Local cultural centers in the Savannah area invite all locals to participate in the upcoming free weekend events celebrating local African-American history starting Saturday, August 18. They are in partnership with the Smithsonian Institution’s National Museum of African American History and Culture or NMAAHC.
Organizations involved in the celebration include Beach Institute, Fort Pulaski National Monument, the Georgia Historical Society, Georgia State Railroad Museum, Massie Heritage Center, the Ossabaw Island Foundation, Pin Point Heritage Museum, and Telfair Museums’ Owens-Thomas House.
It will be Savannah’s second year participating in the NMAAHC’s global celebration of African-American history, named Lift Every Voice in honor of James Weldon Johnson’s inspiring song of the same name. Though many communities and cultural centers nationwide participated in the inaugural year’s events of 2017, Savannah is one of the few areas bring the celebration back.
Elizabeth DuBose, Executive Director of the Ossabaw Island Foundation, says, “Our involvement in Lift Every Voice last year was an important addition to our programming. Ossabaw Island’s African American history did not occur in isolation…Lift Every Voice helps us emphasize those connections and offers locals and visitors a late summer opportunity to get to know our community better.”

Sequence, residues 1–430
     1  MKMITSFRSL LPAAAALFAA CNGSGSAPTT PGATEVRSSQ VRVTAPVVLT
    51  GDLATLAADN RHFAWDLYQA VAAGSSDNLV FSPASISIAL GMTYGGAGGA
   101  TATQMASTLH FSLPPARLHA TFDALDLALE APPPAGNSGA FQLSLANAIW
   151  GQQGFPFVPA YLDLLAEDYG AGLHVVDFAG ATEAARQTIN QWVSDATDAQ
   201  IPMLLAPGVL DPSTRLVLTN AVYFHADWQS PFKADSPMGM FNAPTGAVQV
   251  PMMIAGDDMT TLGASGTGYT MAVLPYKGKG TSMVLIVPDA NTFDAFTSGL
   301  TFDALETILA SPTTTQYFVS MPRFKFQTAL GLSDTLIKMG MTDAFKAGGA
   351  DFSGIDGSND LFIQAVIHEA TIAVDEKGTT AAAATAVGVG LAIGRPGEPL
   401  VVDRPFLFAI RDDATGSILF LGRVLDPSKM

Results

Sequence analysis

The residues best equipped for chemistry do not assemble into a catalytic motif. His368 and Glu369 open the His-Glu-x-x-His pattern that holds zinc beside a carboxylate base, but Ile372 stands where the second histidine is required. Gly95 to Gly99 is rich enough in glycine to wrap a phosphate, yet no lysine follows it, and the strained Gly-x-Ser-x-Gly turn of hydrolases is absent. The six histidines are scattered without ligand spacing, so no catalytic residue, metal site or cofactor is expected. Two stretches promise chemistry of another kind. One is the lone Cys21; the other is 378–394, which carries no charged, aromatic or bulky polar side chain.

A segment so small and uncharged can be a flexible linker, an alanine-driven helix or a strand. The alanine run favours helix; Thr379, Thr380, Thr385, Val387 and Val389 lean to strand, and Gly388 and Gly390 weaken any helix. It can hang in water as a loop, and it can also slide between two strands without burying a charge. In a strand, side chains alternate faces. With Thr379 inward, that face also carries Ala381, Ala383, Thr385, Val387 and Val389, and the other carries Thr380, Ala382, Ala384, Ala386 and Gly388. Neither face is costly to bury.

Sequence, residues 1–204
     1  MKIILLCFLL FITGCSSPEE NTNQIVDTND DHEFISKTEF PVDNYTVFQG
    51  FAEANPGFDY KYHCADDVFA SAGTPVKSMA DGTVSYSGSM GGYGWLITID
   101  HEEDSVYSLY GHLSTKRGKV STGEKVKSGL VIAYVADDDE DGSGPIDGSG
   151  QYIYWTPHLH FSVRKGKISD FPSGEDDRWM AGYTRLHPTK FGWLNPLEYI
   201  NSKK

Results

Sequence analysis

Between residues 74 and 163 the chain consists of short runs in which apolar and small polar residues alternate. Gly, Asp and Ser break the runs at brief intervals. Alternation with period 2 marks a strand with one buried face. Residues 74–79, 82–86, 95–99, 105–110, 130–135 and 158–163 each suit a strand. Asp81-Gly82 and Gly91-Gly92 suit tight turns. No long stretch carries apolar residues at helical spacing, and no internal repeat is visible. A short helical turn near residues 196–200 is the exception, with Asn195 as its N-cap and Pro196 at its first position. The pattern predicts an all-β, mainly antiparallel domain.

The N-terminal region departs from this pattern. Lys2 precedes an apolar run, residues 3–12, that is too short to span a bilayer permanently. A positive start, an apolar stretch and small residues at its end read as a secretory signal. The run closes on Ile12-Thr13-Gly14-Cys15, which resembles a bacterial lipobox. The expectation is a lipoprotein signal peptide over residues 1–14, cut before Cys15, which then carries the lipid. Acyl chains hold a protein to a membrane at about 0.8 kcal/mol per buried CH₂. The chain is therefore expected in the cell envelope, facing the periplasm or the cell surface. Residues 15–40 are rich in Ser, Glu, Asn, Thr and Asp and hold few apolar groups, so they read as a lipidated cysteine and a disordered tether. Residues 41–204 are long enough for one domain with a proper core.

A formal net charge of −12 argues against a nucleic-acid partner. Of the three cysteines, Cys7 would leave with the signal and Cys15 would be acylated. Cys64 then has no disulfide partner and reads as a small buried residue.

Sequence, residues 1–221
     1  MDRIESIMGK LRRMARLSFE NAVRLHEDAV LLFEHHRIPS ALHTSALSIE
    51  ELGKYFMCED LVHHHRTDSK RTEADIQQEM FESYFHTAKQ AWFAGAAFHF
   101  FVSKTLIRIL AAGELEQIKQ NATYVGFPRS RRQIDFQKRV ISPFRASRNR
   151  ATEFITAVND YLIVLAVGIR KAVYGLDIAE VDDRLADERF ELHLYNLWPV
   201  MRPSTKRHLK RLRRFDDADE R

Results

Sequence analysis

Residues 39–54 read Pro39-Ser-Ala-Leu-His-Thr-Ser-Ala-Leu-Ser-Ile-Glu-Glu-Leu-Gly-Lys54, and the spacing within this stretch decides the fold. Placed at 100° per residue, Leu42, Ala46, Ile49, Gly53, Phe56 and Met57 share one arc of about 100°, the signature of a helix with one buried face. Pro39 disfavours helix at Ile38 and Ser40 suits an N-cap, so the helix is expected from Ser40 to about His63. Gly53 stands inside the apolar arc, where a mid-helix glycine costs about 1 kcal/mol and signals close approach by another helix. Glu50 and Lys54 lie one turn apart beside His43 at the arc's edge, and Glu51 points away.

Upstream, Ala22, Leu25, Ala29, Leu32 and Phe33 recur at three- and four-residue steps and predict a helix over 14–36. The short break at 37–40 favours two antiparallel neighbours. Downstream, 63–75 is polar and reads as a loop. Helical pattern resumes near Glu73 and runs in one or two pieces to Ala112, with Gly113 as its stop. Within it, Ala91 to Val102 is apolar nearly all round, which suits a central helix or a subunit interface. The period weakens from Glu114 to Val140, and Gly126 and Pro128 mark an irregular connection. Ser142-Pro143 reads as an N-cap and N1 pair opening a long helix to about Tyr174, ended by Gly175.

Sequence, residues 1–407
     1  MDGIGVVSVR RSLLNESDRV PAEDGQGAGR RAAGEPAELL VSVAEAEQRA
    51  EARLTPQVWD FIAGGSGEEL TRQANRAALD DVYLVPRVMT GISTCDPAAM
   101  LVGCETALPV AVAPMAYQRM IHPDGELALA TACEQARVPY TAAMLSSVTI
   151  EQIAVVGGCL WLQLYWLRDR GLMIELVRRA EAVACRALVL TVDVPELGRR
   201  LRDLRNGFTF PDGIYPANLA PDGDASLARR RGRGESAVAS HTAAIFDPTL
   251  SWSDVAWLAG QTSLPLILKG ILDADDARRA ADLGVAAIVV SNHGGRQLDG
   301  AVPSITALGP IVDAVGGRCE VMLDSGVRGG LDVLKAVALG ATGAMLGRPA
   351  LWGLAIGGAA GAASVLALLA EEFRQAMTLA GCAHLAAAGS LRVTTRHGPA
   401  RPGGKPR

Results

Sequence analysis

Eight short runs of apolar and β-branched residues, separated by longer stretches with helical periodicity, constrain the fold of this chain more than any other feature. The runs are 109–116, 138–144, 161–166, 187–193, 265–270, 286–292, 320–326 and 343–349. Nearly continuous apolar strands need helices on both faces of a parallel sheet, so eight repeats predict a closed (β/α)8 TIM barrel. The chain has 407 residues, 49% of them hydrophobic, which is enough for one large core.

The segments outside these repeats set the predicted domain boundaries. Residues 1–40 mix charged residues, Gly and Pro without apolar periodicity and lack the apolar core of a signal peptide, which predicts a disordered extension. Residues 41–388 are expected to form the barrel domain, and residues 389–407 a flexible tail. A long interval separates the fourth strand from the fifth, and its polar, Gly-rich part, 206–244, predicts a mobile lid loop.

The schedule of weekend events is as follows:
Saturday, August 18th
Beach Institute presents Capturing the Soul, a photography of local Civil Rights leader and historian W.W. Law. City of Savannah archivists will also be present artifacts and other records made available through the City’s Municipal Archives. It is located on 502 E. Harris Street and more information can be found on the Beach Institute's website, www.beachinstitute.org.
Ossabaw Island presents a morning walking tour of the North End Plantation and three restored tabby cabins built as living quarters for enslaved Africans. The tour will include the history of several Africans held in captivity at the plantation, including Hercules and Betty in the 1770s, the Bond Brothers in the 1850s, and Bond Brothers’ descendants who founded Pin Point community in the 1880s. Departure location address: Rodney Hall Boat Ramp, 25 Diamond Causeway. Boat transport fee is $30, free admission upon arrival at the island. More information can be found at www.osssabawisland.net.
Pin Point Heritage Museum is offering Gullah/Geechee cultural tours conducted by local residents. Attendees will learn about the lifestyle and experiences of those who established the community in 1896 by freedmen post-Civil War. The event is located on 9924 Pin Point Avenue. Additional information can be found at www.chsgeorgia.org.
Sunday, August 19th
Fort Pulaski National Monument is offering special programs throughout the day on enslaved African’s bold escapes over Union state lines once the fort was taken during the Civil War in 1862. Attendees will learn about post-emancipation life on the Sea Islands. Additional information can be found at www.nps.gov/fopu.
Massie Heritage Center will be hosting a variety of guest speakers to discuss Massie and Savannahian African-American history. Additional information can be found at internet.savannah.chatham.k12.ga.us/schools/massie.
Telfair Museum’s Owens-Thomas House will present a program highlighting the lives of some of the enslaved Africans who lived at the house, Emma, Peter, and Diane. More information can be found on the Telfair Museum's website, www.telfair.org.